"Moore and Sombra Townships Amalgamate to form St. Clair Township"

The Beacon Newsletter - July 2000

In a marriage first suggested by the provincial government, Moore and Sombra Townships will soon give birth to a brand new municipality, St. Clair Township. This alone is not news to most people who reside in these townships. What may surprise you is the vast amount of work being done behind the scenes to bring this new township to life. To be able to understand how the new township is being developed, it's important to understand why and how the process began. For this, you have to go back about four years to the initial provincial decision which concluded there were too many municipalities in Ontario, about 858 total. The government reasoned fewer, larger municipalities could realize cost savings through economies of scale not available to smaller ones. It projected the number could be reduced to about 300.

According to Donald Lougheed, transition co-ordinator and resent chief administrator officer/treasurer of Moore Township, the history of the Moore/Sombra amalgamation began shortly after the province made its wishes known. "A meeting was called by Mayor Jane Marsh over three years ago," he said. "She invited everyone to the Moore Township office to discuss it." Meetings were also held in Petrolia, involving municipal leaders from all over Lambton County. Lougheed says formal discussions between the townships began about two years ago but were eventually broken off. They resumed last fall with a transition committee comprised of all councilors and both mayors of the two townships.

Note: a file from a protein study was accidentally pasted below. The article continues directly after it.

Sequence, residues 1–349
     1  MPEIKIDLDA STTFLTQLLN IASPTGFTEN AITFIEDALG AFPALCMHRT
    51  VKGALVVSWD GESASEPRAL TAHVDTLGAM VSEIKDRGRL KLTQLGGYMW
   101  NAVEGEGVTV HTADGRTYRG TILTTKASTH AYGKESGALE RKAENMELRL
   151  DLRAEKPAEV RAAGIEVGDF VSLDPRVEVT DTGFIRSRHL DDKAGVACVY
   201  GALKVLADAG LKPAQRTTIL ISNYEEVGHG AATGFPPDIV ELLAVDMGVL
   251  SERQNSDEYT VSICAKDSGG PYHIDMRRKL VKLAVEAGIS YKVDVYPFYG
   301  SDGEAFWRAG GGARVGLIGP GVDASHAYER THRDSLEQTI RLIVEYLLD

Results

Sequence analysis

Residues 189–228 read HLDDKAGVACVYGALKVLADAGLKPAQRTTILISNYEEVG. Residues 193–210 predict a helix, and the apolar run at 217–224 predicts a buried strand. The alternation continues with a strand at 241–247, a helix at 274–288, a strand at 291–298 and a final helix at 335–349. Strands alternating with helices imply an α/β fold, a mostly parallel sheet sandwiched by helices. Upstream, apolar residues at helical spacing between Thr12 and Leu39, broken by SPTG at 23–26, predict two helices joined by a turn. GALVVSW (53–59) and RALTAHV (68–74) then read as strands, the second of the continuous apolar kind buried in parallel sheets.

John Demars, clerk/administrator of Sombra Township, says the provincial decision created a sense of urgency throughout the county. "From 1996, it was like a snowball rolling downhill," he said. "The goal in Lambton was not to get caught in the Chatham-Kent situation." Chatham-Kent was one of the first areas to amalgamate, with 22 municipalities plus the city of Chatham combining in one vast entity. "It was pretty dramatic," said Demars. He added it was feared Lambton County could go the same way as Chatham-Kent, with a provincial commissioner recommending how county municipalities would be combined. Demars recalls the feeling in Lambton County was that local solutions must be found to prevent provincial intervention. "It was better than a provincial commissioner coming in," he said. "It was too big a risk."

The process of amalgamation currently underway involves hundreds of decision and a lot of planning. To accomplish this complicated task, a transition board has been established. In accordance with the Ontario government ruling, the board is comprised of both township mayors and all of its councilors. Although it is not complete, a number of vital decisions have been made. Lougheed says township residents will notice little or no change in the services they have come to expect. He admits there could be a few minor glitches associated with the amalgamation, but overall things should remain constant. Services like snow removal and fire/emergency services will still be delivered from their current locations. The fate of current township employees is another one of the decisions the committee has decided. Demars says there should be no problem of job loss. "No one will be involuntarily terminated." he said. "There will be a place at the table for them." He added some employees may be offered jobs that differ slightly from their present position, but all will be considered. The matter of retirement is still under consideration by the committee.

There are also other less obvious decisions to be made concerning the creation of a new township. As transition co-ordinator, Lougheed must work with the transition committee on matters such as how the new council will govern itself, how the various boards will operate, what departments will be required, councilor training and public information. In addition, there are decision to be made about items of identification such as a coat of arms, logo, and colours.

END